Skul: The Hero Slayer review

by on October 26, 2021

It may have some resolutely old school pixel art, and initially resemble another retro styled action platformer, but don’t let that fool you. Skul: The Hero Slayer is a deep and rewarding experience that offers myriad ways to battle through its roguelike swathes of enemies.

You play as the titular Skul, a tiny, cute skeletal figure. In a welcome twist on the usual plotline, you find yourself playing the part of the baddie of the piece. The bony protagonist is diminutive envoy of the Demon King, sent to slay the virtuous knights and heroic defenders of the realm. He has myriad ways of exacting carnage upon the wholesome denizens of Carleon – thanks to his detachable bonce. Just like the legendary Mega Drive anime tie-in Majikaru Hatto and its bastardized Western equivalent Decap Attack, Skul can detach his head and use it as a weapon. He can also teleport wherever it lands, as an added bonus.

Skul: The Hero Slayer review

There are a number of different types of skull to collect. You can carry two at any time, and each one has two special moves assigned to it, with a cooldown on each. They are split between power, balance and speed types. You can use the in-game currency to upgrade them, and also buy and upgrade the equipment you are given on each runthrough. Without spoiling the experience for you, there are an absolute tonne of different skull types to experiment with. All of them, as well as the equipment you give the little feller, will completely alter Skul’s appearance, and it is wonderful seeing him make the transition from tiny cloaked skeleton to an armour encrusted badass wielding an assortment of ridiculous weapons.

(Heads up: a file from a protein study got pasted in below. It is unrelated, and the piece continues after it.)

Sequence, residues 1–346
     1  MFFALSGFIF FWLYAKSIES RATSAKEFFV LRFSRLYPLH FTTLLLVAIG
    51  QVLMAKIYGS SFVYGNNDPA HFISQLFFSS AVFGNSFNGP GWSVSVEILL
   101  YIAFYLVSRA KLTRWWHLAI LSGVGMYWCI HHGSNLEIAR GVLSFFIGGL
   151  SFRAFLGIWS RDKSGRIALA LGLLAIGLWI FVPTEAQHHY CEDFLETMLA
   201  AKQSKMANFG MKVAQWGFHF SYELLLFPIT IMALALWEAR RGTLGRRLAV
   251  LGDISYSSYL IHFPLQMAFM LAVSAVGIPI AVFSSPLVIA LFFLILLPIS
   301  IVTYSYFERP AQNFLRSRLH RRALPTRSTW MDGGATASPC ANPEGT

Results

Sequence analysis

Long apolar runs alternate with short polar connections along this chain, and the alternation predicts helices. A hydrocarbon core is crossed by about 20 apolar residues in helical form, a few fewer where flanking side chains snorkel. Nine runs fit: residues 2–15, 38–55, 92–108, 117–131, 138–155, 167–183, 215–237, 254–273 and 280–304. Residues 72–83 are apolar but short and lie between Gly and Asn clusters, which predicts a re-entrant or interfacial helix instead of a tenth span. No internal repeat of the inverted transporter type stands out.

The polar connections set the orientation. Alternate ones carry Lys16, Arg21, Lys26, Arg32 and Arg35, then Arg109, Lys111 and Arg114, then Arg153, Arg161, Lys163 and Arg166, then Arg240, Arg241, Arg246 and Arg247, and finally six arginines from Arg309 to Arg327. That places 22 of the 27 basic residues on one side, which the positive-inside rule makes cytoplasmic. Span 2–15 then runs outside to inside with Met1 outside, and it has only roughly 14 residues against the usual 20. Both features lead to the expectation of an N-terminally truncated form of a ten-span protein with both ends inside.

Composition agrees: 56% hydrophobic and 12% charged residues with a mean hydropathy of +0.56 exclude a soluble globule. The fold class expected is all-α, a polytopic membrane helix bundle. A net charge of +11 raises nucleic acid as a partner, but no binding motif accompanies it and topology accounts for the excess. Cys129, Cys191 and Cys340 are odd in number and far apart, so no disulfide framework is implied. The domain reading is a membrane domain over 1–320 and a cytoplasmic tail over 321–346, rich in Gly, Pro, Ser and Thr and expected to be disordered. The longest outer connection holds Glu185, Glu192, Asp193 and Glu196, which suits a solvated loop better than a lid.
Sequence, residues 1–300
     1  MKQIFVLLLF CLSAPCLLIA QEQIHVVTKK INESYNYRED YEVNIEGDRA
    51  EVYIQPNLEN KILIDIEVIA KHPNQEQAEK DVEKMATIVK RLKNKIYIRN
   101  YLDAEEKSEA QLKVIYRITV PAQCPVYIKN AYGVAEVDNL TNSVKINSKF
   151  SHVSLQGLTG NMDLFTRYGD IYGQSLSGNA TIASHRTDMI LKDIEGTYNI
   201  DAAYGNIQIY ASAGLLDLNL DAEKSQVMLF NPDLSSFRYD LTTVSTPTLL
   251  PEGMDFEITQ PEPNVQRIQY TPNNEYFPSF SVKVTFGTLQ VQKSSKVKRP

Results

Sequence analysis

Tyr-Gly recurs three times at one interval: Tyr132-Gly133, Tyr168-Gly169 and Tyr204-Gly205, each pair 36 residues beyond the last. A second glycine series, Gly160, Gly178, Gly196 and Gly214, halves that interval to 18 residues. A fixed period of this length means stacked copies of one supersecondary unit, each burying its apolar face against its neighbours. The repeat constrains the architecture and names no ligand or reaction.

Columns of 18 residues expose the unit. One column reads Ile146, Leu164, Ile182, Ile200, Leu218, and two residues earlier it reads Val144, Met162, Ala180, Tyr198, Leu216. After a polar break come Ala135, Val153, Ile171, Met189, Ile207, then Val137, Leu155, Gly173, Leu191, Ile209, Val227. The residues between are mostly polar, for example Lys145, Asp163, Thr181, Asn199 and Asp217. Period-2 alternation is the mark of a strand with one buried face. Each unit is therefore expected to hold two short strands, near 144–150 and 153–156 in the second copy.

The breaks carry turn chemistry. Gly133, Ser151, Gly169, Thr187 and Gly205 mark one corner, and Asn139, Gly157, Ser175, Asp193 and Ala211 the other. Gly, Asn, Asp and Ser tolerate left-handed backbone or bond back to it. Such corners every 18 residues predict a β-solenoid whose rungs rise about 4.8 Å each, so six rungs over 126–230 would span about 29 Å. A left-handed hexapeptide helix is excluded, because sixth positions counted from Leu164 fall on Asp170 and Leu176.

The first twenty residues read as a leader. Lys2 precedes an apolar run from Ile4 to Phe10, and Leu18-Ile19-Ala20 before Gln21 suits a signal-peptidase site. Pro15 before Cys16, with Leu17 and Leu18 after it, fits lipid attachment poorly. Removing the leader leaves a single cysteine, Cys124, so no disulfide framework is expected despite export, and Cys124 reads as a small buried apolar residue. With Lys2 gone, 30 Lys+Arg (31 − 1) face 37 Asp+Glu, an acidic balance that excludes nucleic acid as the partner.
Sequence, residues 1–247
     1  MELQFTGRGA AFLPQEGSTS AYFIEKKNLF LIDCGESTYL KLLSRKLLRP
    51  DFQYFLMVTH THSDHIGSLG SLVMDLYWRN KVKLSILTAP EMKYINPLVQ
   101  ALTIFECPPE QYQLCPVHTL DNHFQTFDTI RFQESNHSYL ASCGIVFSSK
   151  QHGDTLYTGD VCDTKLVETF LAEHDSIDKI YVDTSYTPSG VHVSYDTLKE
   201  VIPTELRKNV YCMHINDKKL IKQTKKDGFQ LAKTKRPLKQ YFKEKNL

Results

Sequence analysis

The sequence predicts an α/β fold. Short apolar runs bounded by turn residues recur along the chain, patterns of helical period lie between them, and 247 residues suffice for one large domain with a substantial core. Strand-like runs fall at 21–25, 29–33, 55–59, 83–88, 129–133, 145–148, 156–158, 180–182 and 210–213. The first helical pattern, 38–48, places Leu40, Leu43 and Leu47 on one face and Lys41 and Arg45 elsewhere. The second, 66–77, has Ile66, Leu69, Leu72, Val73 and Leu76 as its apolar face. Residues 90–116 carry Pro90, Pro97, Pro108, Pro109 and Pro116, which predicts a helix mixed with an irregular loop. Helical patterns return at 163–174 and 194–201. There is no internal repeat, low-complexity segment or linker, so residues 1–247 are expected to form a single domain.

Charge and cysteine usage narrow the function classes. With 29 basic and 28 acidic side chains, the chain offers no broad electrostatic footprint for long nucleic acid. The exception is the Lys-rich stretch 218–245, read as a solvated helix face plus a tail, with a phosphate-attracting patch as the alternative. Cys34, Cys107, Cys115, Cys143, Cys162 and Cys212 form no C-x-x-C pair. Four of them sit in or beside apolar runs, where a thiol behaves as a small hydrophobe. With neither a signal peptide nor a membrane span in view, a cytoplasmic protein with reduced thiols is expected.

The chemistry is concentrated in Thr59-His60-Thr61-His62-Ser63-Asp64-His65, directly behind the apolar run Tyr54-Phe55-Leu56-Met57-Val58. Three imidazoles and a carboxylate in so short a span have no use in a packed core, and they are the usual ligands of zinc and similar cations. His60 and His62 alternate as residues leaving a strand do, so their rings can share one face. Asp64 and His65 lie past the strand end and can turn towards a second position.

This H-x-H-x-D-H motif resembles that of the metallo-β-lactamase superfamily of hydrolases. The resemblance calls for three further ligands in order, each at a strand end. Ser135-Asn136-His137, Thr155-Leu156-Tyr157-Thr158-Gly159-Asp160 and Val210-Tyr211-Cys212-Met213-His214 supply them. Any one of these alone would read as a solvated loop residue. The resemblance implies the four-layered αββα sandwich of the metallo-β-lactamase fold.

Experimenting with which loadout works best is part of the fun. There are so many different ways to smash through the huge, relentless procession of foes and screen-filling bosses, to the point that any issue with slight repetition on the loop becomes irrelevant as it is such a blast to play. The combinations of moves, skulls and equipment is almost endless. There are so many ways to carry out acts of screen-popping carnage, and it all looks fantastic when you are doing so.

A screenshot from Skul

As well as powerful sword and weapon attacks, there are ways to freeze, burn, slice, smash and explode things. Of course, being roguish, there is also a luck element to proceedings if you end up being given a bum skull choice that you can’t get on with, but that is part of its charm. Regardless of weapon type, the attacks nearly always feel weighty and satisfying, lovely and moreish. Compare that to the lightweight combat in recent titles we have had to endure, like Greak, and it is night and day.

There are a few little things that I found a bit annoying. Some of the enemies require a bit too much punishment to take down, and can be a slog. The other annoyance was the fact that on screen, the enemies stack on top of and overlap each other. Sometimes you will be windmilling your way through, but end up getting attacked by a hitherto unseen foe. It’s a small gripe, and the only thing that repeatedly frustrated me. Despite the minor problems, Skul is an immensely enjoyable, constantly surprising and great looking roguelike adventure that comes well recommended.


Near endless customisation
Discovering and experimenting is fun, and funny
Looks great


Some enemies bit tough
Sometimes hard to see what is going on, enemy wise

Editor Rating
Our Score


In Short

Despite the minor problems, Skul is an immensely enjoyable, constantly surprising and great looking roguelike adventure that comes well recommended.